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How much experience does a potential head coach need?

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Many important facts to consider as the Bills begin their head-coach search.

As you’ve probably heard by now, Bills interim head coach Anthony Lynn is a pretty big favorite to keep the job on a full-time basis. It seems like a lot of people inside and outside of the organization would be happy with that, except for one issue: Lynn only has 14 games of experience as an offensive coordinator.

My response: so what?

The NFL’s 32 head coaches (including interims and recently fired coaches) averaged about 3.7 seasons of experience as a coordinator on either the offensive or defensive side of the ball before earning their first NFL head coaching job. Ten of the 32 spent either zero seasons or one season running the offensive or defensive side of an NFL team before earning the keys to the whole thing.

Now, there are some caveats to note in there. Two (John Fassel of the Rams and John Harbaugh of the Ravens) have extensive careers as special teams coordinators. While there are limited play-calling opportunities, the position still allows coaches to develop themselves while learning some important general coaching principles that they can use as a head coach. Harbaugh, for example, has had great success in Baltimore despite never serving as an offensive or defensive coordinator at any level.

Fassel also has some NCAA head coaching experience, spending two years at New Mexico Highlands University (a Division II school). Detroit’s Jim Caldwell (Wake Forest), San Francisco’s Chip Kelly (Oregon), and Houston’s Bill O’Brien (Penn State) also used their college experience as a substitute for the NFL coordinator role (O’Brien spent one year as an offensive coordinator in New England). While the experience they earned in charge of the coaching staff is extremely important, managing a team of grown men who earn millions of dollars and can jump ship with relative ease is a lot different than managing a group of teenagers who are largely on four-year terms of indentured servitude.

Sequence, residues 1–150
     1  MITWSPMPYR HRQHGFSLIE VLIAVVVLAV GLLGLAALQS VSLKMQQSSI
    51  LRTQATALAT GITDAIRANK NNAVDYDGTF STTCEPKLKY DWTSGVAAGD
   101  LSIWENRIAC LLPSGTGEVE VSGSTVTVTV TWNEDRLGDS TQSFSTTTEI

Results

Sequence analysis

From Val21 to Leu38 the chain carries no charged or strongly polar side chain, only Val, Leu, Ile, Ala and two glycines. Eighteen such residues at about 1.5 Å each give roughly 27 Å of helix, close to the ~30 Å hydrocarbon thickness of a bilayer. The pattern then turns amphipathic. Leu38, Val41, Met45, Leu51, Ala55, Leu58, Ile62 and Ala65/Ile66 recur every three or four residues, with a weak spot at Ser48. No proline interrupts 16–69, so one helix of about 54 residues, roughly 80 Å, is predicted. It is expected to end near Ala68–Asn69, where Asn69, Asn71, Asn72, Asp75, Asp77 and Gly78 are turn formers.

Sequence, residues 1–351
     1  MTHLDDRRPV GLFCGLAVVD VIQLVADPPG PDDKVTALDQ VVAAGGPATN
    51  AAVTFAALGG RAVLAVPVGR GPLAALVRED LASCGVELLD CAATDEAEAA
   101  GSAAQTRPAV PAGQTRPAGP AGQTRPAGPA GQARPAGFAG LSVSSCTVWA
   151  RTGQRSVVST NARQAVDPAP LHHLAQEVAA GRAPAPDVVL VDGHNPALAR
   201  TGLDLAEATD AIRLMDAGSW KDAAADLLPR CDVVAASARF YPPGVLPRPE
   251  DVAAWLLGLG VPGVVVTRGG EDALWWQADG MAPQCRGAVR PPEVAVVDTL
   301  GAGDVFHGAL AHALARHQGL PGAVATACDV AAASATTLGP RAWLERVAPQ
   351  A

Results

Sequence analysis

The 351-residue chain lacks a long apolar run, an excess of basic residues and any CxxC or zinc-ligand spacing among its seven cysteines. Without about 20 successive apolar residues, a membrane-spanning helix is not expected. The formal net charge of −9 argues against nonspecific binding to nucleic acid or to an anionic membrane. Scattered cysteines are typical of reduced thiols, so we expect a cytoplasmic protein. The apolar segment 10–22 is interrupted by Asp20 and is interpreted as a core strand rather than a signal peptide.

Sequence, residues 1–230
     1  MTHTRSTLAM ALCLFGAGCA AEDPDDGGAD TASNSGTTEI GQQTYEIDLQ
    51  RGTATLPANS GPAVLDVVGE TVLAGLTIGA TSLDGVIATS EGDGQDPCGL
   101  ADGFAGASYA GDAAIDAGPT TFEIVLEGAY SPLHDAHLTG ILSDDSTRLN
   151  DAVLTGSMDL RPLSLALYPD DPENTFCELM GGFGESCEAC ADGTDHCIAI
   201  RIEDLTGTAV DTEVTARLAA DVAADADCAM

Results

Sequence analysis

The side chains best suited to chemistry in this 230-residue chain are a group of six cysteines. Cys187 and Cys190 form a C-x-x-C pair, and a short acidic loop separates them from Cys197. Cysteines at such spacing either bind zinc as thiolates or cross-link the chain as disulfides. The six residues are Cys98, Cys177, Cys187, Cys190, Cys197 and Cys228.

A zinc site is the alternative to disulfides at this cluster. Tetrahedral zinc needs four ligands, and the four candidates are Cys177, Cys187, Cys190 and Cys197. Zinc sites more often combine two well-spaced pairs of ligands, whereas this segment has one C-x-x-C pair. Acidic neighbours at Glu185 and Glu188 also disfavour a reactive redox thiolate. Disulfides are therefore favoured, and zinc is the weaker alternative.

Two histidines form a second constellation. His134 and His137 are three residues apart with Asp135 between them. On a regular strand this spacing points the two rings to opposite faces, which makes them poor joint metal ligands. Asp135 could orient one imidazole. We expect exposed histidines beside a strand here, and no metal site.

That still leaves five coaches who earned a top job with minimal (if any) experience at the next step down the ladder. Interestingly, all five are in the AFC, and three of them lead teams whose seasons don’t end on Sunday:

Chuck Pagano spent one year as Baltimore’s defensive coordinator before the Colts hired him in 2012. Pagano had an extensive career as a defensive backs coach, but only three non-consecutive seasons running defenses at UNLV (1991), North Carolina (2007), and Baltimore. Despite his tenuous standing with the Colts, he has a career 39-28 record in Indy (not including their 9-3 record under Bruce Arians when Pagano was hospitalized for cancer treatment in 2012).

Andy Reid’s experience as an offensive coordinator prior to being hired as the head coach of the Eagles in 2000 was three seasons at San Francisco State, a program that no longer exists. Prior to Philadelphia, Reid spent six seasons on Mike Holmgren’s staff in Green Bay, highlighted by two years as the quarterbacks coach following Brett Favre’s three-year run as NFL MVP. Now, 17 years later, Reid is tied for 11th all-time in coaching wins.

Jack Del Rio actually began his coaching career as a strength and conditioning coach for two seasons in New Orleans before spending three years coaching linebackers in Baltimore. He parlayed that into replacing John Fox as the Panthers’ defensive coordinator in 2002, before Jacksonville hired him as their head coach in 2003. Del Rio recorded a 68-71 record in three years with the Jaguars before being fired near the end of the 2011 season. He’s still the last coach to lead the Jags into the playoffs (2007). After three years as Denver’s DC, Del Rio has Oakland above .500 at the end of the season for the first time since 2002.

Mike Tomlin played wide receiver in college, but spent most of his NFL coaching career with defensive backs. He led the unit in Tampa from 2001 to 2005, under both Tony Dungy and Jon Gruden, before spending a year as Minnesota’s defensive coordinator. When Pittsburgh hired him to replace the retiring Bill Cowher as their third coach since the 1969 season, Tomlin kept the team afloat with a 10-6 record and a playoff appearance. They won a Super Bowl the next season, and will be returning to the playoffs for the seventh time in Tomlin’s 10 years on the job this season.

Excluding interims Lynn and Fassel, all eight coaches with fewer than two years of NFL coordinator experience prior to their first job coached a playoff game within their first three seasons, and only Del Rio didn’t coach one within his first two. Their circumstances were different, but they all either managed to turn around the losing team they inherited or keep the winning one on course.

Furthermore, while Lynn doesn’t have a boatload of coordinator experience, he’s been serving on NFL coaching staffs for 17 seasons. Only the Cardinals’ Arians and the Vikings’ Mike Zimmer (both 20 years) waited longer to be hired as a head coach among current coaches. Among current head coaches, nobody waited longer for their first coordinator job than Lynn did; Todd Bowles spent 13 years as a defensive backs coach before his first DC job, and a few others needed 10 years (including Bill Belichick).

If you don’t want Anthony Lynn to be the next head coach of the Buffalo Bills, and you’d rather see them look outside the organization for a head coach, I understand that. Just don’t go thinking that extensive coordinator experience is all that necessary.